What happened at SoilFixer HQ over the long hot summer?
After relocating, we temporarily lost our test beds. However, we can report on a few things we grew at our new house.
We brought with us two 50-litre outdoor container planters. They used to sit by the front door and held lovely sweat peas. We planted up (using the three-year old SF60/Compost mix topped up with around 10% new SF60. Yes, the bulk of container mix is now three years old! The results were poor; each tub had stunted peas with few flowers. They were like everyone else’s in the area.
Normally, the compost/SF60 mix in the planters gives the sweat peas a huge boost as it retains water better than compost-only mix. Looking back, it’s evident we had a triple whammy. The seedlings were planted out too early when it was still a bit cold. They then got a hammering from the wind. It took a week or so to spot the new door location is actually very windy! Having got a poor start, the excessive heat was the final blow.
We will be using the reusing the SF60/compost mix in the planters next year. I’ll probably plant up boxes in the windy door spot and grow sweat peas out the back against the sunny but sheltered wall.
We also planted some green beans against a very sunny wall. Lovely! What a difference in taste fresh home-grown beans make. In August, the beans started to show signs of leaf chlorosis; this is yellowing between the veins.
Having looked at various gardening advice sites, the list of possible causes for leaf chlorosis include iron, zinc and manganese deficiency, which all tend to be associated with high soil alkalinity. Too little water and too little nitrogen.
My soil pH looks fine at pH 7.5. I treated the leaves with a both Iron and zinc foliar nutrient sprays to no avail. I concluded that the real problem was excessive drying out of the soil; this limits all nutrients, including nitrogen. Having added liquid fertiliser and recent rain they’ve perked up.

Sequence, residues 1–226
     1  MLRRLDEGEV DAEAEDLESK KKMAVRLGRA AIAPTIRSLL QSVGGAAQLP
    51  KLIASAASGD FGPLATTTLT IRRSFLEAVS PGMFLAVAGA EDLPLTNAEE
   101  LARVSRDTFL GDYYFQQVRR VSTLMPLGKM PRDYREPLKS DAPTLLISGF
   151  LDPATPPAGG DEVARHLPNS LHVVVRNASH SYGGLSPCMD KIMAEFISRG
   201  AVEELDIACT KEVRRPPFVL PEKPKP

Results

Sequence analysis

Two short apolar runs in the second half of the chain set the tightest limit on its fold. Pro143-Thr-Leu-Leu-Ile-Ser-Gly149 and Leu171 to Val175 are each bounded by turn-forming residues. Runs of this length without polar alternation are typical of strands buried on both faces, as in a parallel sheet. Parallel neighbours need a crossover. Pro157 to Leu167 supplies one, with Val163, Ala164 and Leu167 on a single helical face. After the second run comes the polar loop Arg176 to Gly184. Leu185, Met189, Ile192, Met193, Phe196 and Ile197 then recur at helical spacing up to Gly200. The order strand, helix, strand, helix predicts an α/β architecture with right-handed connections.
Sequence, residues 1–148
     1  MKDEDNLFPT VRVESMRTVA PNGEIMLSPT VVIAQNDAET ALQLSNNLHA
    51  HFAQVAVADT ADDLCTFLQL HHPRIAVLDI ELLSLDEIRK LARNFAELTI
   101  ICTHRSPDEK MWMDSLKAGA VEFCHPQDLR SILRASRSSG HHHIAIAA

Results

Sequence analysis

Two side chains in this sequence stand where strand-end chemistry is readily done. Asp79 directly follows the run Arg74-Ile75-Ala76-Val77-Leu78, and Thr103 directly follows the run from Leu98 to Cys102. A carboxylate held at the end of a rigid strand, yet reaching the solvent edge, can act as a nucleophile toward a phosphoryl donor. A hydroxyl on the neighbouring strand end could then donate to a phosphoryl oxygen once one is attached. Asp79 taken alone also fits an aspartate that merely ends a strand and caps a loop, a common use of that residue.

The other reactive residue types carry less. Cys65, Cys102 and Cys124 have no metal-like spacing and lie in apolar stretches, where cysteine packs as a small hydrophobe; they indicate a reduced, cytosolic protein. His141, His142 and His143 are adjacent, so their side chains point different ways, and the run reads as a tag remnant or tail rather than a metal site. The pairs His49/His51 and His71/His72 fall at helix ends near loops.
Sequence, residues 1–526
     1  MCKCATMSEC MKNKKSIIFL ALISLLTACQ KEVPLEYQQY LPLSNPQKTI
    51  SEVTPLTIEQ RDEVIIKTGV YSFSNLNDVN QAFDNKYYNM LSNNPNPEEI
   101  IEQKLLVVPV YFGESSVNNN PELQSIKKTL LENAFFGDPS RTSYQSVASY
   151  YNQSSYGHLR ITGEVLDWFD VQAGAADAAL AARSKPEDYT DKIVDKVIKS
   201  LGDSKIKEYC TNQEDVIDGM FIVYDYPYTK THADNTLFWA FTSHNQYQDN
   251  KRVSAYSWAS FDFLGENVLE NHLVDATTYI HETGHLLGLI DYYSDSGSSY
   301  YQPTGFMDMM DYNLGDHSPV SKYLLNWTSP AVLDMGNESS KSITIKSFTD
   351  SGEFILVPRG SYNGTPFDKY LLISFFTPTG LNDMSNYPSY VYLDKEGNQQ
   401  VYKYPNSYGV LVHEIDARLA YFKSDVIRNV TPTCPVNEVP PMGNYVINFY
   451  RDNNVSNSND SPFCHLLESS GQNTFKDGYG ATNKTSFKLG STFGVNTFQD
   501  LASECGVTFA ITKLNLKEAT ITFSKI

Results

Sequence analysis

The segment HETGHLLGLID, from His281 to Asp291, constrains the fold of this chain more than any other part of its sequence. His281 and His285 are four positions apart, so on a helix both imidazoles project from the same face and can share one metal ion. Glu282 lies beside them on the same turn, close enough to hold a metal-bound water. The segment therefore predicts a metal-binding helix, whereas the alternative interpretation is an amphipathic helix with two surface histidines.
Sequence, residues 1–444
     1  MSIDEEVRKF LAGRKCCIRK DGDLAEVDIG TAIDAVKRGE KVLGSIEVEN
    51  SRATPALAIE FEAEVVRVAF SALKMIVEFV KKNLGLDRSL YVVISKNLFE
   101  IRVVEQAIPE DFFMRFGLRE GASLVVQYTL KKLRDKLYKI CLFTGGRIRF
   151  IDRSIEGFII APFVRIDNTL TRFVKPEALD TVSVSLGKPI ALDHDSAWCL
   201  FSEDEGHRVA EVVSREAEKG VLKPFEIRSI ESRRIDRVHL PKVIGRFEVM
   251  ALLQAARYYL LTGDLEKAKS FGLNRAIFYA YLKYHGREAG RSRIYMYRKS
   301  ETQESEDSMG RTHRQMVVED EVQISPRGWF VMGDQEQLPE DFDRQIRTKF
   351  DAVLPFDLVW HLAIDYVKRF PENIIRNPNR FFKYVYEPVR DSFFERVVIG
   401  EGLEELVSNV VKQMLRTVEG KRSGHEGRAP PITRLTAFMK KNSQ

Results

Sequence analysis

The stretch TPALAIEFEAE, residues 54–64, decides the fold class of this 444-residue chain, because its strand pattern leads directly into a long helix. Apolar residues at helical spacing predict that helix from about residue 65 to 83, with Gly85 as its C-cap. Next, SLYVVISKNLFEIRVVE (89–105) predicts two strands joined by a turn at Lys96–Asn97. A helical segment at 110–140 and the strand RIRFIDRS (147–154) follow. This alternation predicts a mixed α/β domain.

I was disappointed because I’d added biochar around the beans. The first beans we picked were from plants that I’d planted with some biochar, so it was a bit of surprise to see all the beans had leaf chlorosis later in the year!
As sometimes happens, looking back, I started off okay then got side-tracked. I dug out the grass and weeds from the section bordering wall, a nice and sunny position. I had about six runner bean plants and thought it might be interesting to pop some biochar into three holes and compare to those planted in clay. This bit was okay, then a week later when I was moving various half bags of compost and biochar around in garage I thought I’d put these on the clay soil I’d just dug over. I added a five-centimetre layer of the compost/biochar mix on top of the soil and around the beans.
Regular readers will know we don’t recommend using biochar/SF60 as a top dressing. Rather, we suggest digging biochar and SF60 into the soil, getting into down near the root zone to maximise the benefits.
What happened? The compost/biochar layer was in direct sun, it dried out and became very friable and loose. This confirms it’s not a good mulching layer. The beans gained no advantage from a top dressing. The beans will be dug out soon and making their way to the compost bin. I’ll fork in the biochar/compost into the clayey soil ready for next year.